Photo by: Ivìnguak Stork Høegh, via Greenlandic Food Lover Facebook page
A creative and beautiful soul
Anne Nivíka Grødem is an inspiring and creative soul through and through. She is an illustrator under the pen name by Nivíka, creating the sweetest drawings of Greenlandic motifs and animals, one of which hangs above my very own desk. She is an author, creating a trilingual activity book (in Greenlandic, Danish, and English) called Arctic Circus to help develop children’s inner creative spirit, connection with language, appreciation for diversity, and desire to learn. And she is a home chef of professional caliber, manning her @greenlandic_foodlover Instagram account for years and most recently developing it into a full suite of Greenlandic Food Lover resources – a print recipe book, Facebook page, and blog.
In Anne’s own words (translated from Danish to English):
“I am a foodie, and I love to experiment with recipes and to get inspired by food I eat and see. This blog is an expression of what I eat regularly, which is an easy and accessible starting point! I’m not religious or fanatic – but I am driven by visually outstanding beauty. I love when food appeals to all the senses!”
A vegetarian recipe book for the country with no vegetables
Anne is running wild with her Greenlandic Food Lover passion this year. In September she released a recipe book, Naatitanik Qerisunik Nerisassiornermut Najoqqutassiaq / Grønne Opskrifter med Frosne Grøntsager (Vegetarian Recipes with Frozen Vegetables, in English) to give Greenlanders a tool for how to be creative within the frames available in Greenland.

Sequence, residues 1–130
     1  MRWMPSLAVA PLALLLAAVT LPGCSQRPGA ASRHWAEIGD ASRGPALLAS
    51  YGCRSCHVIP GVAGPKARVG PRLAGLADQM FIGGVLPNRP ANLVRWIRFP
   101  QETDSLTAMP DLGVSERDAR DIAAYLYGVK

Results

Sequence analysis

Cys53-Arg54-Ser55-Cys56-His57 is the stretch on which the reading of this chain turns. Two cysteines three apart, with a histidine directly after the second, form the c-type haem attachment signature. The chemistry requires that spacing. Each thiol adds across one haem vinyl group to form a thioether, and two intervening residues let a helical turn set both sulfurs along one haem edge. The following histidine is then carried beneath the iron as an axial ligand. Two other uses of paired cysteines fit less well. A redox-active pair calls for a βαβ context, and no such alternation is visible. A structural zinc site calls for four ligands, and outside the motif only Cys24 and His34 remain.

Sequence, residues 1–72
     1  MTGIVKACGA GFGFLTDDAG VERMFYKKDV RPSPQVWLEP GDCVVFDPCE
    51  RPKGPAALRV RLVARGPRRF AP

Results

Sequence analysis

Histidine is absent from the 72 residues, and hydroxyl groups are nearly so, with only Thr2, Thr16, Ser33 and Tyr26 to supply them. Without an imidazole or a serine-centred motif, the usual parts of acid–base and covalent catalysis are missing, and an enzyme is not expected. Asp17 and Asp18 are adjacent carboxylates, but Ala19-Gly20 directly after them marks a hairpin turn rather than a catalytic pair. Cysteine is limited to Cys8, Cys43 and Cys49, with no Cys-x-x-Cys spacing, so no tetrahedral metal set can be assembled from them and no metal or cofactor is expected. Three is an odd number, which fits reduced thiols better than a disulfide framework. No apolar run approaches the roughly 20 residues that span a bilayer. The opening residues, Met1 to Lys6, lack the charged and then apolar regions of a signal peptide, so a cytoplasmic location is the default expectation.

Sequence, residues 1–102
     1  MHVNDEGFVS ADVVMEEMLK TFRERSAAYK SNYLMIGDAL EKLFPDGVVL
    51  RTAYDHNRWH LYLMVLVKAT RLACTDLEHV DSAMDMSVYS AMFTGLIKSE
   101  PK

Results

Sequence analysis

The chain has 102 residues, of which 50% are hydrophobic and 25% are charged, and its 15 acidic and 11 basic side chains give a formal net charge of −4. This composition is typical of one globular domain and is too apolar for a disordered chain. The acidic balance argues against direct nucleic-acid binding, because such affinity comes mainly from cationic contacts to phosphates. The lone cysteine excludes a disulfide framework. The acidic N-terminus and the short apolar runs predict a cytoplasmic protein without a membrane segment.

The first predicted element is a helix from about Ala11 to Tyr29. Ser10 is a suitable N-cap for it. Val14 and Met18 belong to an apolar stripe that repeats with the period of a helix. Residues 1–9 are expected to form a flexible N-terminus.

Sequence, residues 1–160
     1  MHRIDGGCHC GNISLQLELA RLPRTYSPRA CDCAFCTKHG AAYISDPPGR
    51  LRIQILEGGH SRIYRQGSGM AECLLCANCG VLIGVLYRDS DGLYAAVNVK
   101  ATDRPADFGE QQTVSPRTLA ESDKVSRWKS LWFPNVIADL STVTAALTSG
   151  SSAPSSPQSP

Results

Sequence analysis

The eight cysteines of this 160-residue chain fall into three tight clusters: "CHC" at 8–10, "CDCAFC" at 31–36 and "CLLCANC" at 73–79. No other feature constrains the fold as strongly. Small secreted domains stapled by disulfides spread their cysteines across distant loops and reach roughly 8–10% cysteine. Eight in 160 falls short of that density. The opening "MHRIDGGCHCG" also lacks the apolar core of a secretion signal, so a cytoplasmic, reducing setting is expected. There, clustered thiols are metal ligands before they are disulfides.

The Greenlandic diet never really had vegetables written into the game plan – only land and sea mammals, fish, and the tiniest bit of foraged foliage. Today, local agriculture is confined to a very short growing season in South Greenland, and imported goods come from the most expensive countries in the world. Needless to say, Greenland’s vegetable game remains a challenge. The price of fresh lettuces and cucumbers can soar to 6-7 USD or more, leaving frozen foods as the only economically reasonable possibility for many. For more discussion on food in Greenland, see here.
Thus, in classic Greenlandic pioneering spirit, Anne embraces this ‘limitation’ and makes it a strength. Use her recipes to spiff up ordinary green beans and your guests will swear the veggies came right from your own greenhouse.
Photo credit: Greenlandic Food Lover Facebook page
Ambassador for healthy & happy lifestyle
Anne strives not only to educate Greenlanders about easy ways to add variety, nutrition, and flavor to their diets through recipes but also to inspire them to adopt the same style of relationship she has with food – a holistic one.
She knows that health goes further than eating food with high nutritional value; it includes an all-around balance in every corner of one’s life. Taking the clean lifestyle initiative to new heights, Anne focuses on health, happiness, and inspiration via the kitchen.
Here are a few of her cardinal rules for food:
- It must be easy.
- It must be healthy.
- It must be available locally, either from Greenland’s own resources or the town’s grocery store.
So what will Anne have us eat?
Italian meatballs over vegetable ribbons, Crowberry coconut popsicles, Green juice of cabbage & cucumber & avocado & mint & spinach, Date bars, Ginger-lemon shooters, Homemade almond milk and almond flour, and so much more!
Photo credits: Left – Emilie Binzer, Top Right & Bottom Right – Anne Nivíka Grødem
Is your mouth watering yet? Get more Greenlandic food inspiration at www.greenlandicfoodlover.gl.
Wonderful idea and great initiative 🙂
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